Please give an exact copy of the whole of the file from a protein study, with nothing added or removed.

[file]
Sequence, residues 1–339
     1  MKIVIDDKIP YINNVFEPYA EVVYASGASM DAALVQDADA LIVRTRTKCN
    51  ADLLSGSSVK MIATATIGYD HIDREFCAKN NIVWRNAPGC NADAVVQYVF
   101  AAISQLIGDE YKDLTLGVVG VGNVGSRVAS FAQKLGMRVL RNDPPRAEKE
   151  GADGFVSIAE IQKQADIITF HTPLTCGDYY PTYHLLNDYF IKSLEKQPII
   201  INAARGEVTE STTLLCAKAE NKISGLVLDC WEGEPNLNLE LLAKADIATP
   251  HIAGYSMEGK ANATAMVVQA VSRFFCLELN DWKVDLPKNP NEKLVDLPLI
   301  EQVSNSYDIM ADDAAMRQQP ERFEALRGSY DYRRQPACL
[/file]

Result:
Sequence, residues 1–339
     1  MKIVIDDKIP YINNVFEPYA EVVYASGASM DAALVQDADA LIVRTRTKCN
    51  ADLLSGSSVK MIATATIGYD HIDREFCAKN NIVWRNAPGC NADAVVQYVF
   101  AAISQLIGDE YKDLTLGVVG VGNVGSRVAS FAQKLGMRVL RNDPPRAEKE
   151  GADGFVSIAE IQKQADIITF HTPLTCGDYY PTYHLLNDYF IKSLEKQPII
   201  INAARGEVTE STTLLCAKAE NKISGLVLDC WEGEPNLNLE LLAKADIATP
   251  HIAGYSMEGK ANATAMVVQA VSRFFCLELN DWKVDLPKNP NEKLVDLPLI
   301  EQVSNSYDIM ADDAAMRQQP ERFEALRGSY DYRRQPACL